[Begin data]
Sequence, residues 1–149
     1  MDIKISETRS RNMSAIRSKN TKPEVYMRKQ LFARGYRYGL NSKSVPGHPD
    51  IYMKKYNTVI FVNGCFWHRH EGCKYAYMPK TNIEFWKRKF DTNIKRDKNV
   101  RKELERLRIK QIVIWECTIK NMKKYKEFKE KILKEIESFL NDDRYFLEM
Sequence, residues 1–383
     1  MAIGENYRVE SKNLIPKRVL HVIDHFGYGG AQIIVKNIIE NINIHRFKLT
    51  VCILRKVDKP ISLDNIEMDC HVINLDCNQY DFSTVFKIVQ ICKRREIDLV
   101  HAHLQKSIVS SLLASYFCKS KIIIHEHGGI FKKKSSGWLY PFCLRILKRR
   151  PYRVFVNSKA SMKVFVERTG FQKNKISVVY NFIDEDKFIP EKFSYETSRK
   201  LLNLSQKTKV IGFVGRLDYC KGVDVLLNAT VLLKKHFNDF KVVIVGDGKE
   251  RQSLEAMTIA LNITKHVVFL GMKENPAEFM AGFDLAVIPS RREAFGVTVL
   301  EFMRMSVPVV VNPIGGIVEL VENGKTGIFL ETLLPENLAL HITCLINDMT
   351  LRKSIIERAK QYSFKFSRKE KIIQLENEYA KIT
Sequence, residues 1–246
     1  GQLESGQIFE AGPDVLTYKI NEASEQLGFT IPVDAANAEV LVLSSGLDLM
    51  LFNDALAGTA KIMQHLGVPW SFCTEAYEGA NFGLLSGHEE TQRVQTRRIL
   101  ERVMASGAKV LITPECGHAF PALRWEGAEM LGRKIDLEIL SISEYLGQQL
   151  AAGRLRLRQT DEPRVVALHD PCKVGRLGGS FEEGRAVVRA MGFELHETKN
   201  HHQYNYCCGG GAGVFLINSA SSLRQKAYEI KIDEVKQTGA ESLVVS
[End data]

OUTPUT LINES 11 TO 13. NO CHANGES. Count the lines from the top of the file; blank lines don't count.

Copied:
   251  RQSLEAMTIA LNITKHVVFL GMKENPAEFM AGFDLAVIPS RREAFGVTVL
   301  EFMRMSVPVV VNPIGGIVEL VENGKTGIFL ETLLPENLAL HITCLINDMT
   351  LRKSIIERAK QYSFKFSRKE KIIQLENEYA KIT